My oldest daughter has been having trouble falling asleep the past few nights. You know the cycle, your child can't fall asleep, so she roots around in her bed, gets up and goes to the bathroom several times and finally ends up as a weeping puddle of goo because she can't sleep. My oldest usually ends up thinking so much that she scares herself into not being able to go to sleep. I usually have to give her something happy to think about before she can finally calm herself down and get to sleep.
Fear can be paralyzing for anyone but especially for kids. They don't know how to take control of their thoughts and push through their fear. Many adults haven't mastered this. One thing that we know, though, is that God does not want fear to keep us from walking in the path He has laid out for us. God knows that fear can paralyze us and keep us from being effective for Him, so the Bible has lots to say about fear.
Romans 8:15 tells us "For you did not receive a spirit that makes you a slave again to fear, but you received the Spirit of sonship." God has given us access to His power and strength, which means that we can do anything that He calls us to even if it seems scary. In Deuteronomy 31:6 Moses tells the Israelites "Do not be afraid or terrified because of them, for the LORD your God goes with you; he will never leave you nor forsake you." God is always there, and just like the Israelites, if He asks us to do a task that scares us, He will always be there. Being courageous is not going forward in the absence of fear; it's going forward even though you are afraid.
If God is asking you to do something and fear is holding you back, don't let it. Your children will live what they see. If they see you not doing something because you are afraid, then they will let fear stop them from moving forward as well. If you're an example of courage to them, they will learn to be courageous as well. Stop and think of all the things you wouldn't have done if you had let fear stop you. You might not have taken a job promotion, you probably wouldn't have had children and you might never have learned to ride a two-wheeled bike.
It's our job to help build in our children a courageous spirit (because in this world they will need it). We can do that in simple ways as we go about our lives. There's no magic words that will turn our kids into courageous warriors for God, but a simple, consistent pattern of encouragement (and the occasional shove in the right direction) will help kids learn to move through their fears and not be paralyzed by them.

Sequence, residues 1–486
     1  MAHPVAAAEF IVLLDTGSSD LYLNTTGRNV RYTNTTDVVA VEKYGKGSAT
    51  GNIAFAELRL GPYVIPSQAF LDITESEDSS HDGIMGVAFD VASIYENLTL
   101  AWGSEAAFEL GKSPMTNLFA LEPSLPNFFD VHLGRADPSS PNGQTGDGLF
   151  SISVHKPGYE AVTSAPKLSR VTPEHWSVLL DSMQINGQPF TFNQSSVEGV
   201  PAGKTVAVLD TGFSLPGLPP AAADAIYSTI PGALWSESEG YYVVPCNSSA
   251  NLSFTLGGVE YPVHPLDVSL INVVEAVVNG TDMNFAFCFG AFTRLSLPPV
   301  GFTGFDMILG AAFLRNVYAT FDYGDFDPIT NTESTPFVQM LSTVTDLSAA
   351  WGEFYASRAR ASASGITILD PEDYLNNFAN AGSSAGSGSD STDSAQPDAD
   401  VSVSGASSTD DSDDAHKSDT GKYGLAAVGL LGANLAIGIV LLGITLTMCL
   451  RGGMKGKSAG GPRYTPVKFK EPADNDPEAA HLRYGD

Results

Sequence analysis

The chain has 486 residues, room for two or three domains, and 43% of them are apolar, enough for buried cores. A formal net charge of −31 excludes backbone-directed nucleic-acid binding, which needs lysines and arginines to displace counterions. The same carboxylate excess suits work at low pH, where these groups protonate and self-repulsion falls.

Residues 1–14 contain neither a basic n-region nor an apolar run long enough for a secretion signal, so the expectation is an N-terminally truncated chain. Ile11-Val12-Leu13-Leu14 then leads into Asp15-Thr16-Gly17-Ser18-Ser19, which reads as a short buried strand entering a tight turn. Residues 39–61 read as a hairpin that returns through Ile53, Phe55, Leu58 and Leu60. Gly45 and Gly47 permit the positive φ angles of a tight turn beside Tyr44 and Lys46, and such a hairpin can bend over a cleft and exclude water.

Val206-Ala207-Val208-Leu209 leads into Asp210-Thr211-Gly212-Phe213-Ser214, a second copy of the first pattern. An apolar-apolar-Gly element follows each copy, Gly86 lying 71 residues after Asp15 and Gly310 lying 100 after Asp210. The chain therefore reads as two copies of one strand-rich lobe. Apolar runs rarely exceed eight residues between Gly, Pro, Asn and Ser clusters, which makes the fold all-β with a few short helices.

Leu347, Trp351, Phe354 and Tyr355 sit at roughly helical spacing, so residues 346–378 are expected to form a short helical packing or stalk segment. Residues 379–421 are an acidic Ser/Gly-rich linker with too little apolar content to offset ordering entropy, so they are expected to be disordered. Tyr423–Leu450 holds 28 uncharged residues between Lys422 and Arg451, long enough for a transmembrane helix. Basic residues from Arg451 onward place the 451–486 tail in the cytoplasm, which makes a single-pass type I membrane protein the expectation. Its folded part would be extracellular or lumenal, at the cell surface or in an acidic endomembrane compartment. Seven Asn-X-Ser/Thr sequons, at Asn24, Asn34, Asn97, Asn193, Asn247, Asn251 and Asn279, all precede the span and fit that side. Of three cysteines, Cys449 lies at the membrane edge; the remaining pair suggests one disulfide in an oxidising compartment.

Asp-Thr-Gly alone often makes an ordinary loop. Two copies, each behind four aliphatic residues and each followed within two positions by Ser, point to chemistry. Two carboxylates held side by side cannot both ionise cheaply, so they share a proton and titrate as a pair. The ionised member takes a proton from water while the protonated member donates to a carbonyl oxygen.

- Don't let fear be the motivating factor for not trying something. We have a rule in our house that "If you haven't tried it, being scared isn't a reason for not trying it." We recently went to the local amusement park. This is the first year my oldest daughter is tall enough to ride the roller coasters. We decided together before we left home that she would try a roller coaster. When we got there she wanted to back out. We reminded her of the rule, and I grabbed her hand and hauled her on the coaster. She was definitely scared, but we got on, and she loved it. If you don't love it after trying it once, our rule is that you don't have to do it again, but letting fear keep you from doing something you've never tried is not ok. I'm not saying you should force your kids to jump out of an airplane, but when they run into something in their everyday lives that they're scared of for no reason, we need to show them how to push through that fear so their lives are not ruled by it.
- When your kids are scared about something, pray with them. Show them how to turn their fear over to God, and let Him deal with the fear. Remind them of Romans 8:15, which is a great verse for kids to memorize.
- Every time your kids wake up with a nightmare in the middle of the night, pray that God would take away the bad dream and replace it with good ones. My favorite middle of the night verse is Psalm 56:3, "When I am afraid, I will trust in you." It's short and simple and easy to memorize. My girls have known this one since they were really little.
- Share your own experiences with your kids. If you have an irrational fear, let your kids know about it. They can help you work through your fear, too. For example, I'm afraid of heights. I hate being in an exposed tall place. My kids know this, and, inevitably, when we are climbing something tall, one of my girls will come hold my hand -- more for me than for them. It's cute, and it's comforting.
One word of warning: be careful that you don't force away your children's natural protective instincts. There are times when fear is a good thing. It's one thing to help your kids to push through fear in situations that you can control and know are safe, but make sure that if your children feel uneasy or are afraid around a certain person that you don't dismiss that feeling. God gave us a fear reflex to keep us safe in dangerous situations. In those situations, we want our children to listen to that fear reflex and get out of the situation. It's a fine line, I know, but we never want to force our children into situations with people with whom they are uncomfortable. If your kids are uncomfortable around another child or adult, there's usually a reason that needs to be investigated.
Be sure that you are praying for your kids to be courageous. When you know they are facing a situation that scares them, pray for them, and let them know you are praying for them. Nothing in this world is more powerful than prayer.
If we work with our kids to help them push forward despite their fear, we will help God build up children who are not afraid of what He asks. Today, look for ways to help your children be "strong and courageous."